» Archive for June, 2005

G. Verdi: Requiem Mass – Carlo Maria Giulini

Monday, June 20th, 2005 by Martin Hester

 

Giuseppe Verdi: Messa da Requiem
Elisabeth Schwarzkopf (soprano), Christa Ludwig (mezzo), Nicolai Gedda (tenor), Nicolai Ghiaurov (bass)
Philharmonia Chorus and Orchestra. . Conductor: Carlo Maria Giulini
Recorded in 1964. EMI CDS 7 47257 8

“Verdi’s Requiem” sounds like a contradiction in terms…..Verdi, composer of grandiose operas, full of emotion and drama – and a Requiem Mass, with its supplication for eternal rest? This apparent incompatibility has exercised commentators since the Mass’s first performance in 1874 – but audiences are in no doubt about the impact of this work, where all the emotions inherent in the form of the Requiem Mass are vividly displayed, on a large scale. Big orchestra, big chorus, big voices in the soloists, and 1½ hours of fine music. You have an unusual chance to hear this in live performance with the Petrobras Symphony Orchestra at the Teatro Municipal on 6th August.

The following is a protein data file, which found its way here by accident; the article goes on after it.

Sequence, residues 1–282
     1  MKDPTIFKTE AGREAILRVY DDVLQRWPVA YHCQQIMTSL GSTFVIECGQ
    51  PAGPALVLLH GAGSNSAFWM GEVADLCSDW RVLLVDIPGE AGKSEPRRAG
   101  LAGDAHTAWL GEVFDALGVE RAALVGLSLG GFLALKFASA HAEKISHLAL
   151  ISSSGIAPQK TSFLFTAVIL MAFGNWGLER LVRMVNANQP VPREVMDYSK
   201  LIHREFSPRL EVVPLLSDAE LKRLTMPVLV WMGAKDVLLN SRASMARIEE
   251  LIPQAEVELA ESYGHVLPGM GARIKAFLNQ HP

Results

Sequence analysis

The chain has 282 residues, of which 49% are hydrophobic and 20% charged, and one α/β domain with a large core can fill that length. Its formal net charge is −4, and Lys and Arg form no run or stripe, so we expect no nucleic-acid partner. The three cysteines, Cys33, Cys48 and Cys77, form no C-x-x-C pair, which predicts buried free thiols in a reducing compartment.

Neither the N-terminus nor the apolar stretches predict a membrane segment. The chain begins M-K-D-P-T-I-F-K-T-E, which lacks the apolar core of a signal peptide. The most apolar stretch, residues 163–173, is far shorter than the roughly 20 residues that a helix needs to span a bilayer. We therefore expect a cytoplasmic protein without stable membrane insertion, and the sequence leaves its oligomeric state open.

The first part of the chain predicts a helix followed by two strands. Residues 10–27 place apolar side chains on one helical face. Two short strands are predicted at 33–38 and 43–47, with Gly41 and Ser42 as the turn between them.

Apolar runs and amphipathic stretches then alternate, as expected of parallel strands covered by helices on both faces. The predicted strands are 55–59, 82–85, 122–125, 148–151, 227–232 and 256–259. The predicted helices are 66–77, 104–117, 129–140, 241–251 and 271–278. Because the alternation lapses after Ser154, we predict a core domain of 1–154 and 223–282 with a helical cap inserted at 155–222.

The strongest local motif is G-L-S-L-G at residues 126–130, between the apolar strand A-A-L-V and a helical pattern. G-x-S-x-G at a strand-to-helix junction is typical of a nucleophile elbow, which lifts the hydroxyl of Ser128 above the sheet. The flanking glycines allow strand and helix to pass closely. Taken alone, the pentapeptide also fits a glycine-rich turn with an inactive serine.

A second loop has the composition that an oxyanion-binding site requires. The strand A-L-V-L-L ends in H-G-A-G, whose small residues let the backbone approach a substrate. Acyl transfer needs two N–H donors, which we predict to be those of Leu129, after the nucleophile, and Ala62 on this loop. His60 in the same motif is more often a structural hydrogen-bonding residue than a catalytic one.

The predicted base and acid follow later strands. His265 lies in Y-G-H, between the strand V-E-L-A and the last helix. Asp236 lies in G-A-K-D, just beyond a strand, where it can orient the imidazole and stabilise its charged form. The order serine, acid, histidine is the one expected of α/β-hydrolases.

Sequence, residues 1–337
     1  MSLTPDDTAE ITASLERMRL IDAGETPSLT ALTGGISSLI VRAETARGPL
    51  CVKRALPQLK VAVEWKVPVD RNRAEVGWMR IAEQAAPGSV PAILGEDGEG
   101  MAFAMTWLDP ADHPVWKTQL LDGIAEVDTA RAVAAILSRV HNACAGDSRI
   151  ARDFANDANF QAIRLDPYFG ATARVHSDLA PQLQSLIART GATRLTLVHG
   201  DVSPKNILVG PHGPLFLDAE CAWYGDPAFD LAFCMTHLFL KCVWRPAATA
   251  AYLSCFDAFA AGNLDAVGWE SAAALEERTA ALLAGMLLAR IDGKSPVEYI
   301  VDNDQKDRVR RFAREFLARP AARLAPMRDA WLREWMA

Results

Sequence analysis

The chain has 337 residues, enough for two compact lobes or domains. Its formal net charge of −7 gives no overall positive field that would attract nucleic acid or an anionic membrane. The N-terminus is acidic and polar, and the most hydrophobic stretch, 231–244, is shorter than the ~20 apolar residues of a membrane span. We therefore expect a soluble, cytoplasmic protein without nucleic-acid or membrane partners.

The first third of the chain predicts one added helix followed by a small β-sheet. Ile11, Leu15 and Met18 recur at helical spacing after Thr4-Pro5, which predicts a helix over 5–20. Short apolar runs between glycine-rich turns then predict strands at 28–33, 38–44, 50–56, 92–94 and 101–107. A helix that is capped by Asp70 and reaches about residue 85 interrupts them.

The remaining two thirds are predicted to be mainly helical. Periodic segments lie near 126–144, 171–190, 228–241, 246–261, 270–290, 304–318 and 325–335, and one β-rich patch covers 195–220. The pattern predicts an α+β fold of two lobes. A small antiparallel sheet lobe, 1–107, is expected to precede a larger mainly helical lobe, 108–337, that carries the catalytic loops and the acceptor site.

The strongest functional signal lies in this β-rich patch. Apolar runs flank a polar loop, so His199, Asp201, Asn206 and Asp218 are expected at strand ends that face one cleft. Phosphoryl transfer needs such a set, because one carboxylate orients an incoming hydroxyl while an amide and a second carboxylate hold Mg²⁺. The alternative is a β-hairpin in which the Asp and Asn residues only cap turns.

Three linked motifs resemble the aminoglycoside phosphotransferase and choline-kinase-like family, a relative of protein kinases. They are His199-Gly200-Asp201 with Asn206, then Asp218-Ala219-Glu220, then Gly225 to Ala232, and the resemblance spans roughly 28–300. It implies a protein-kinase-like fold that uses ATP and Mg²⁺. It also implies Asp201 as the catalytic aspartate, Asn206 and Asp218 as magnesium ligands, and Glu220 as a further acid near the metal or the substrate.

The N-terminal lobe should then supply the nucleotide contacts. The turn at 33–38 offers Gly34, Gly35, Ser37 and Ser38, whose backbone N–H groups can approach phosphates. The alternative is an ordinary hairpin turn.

Verdi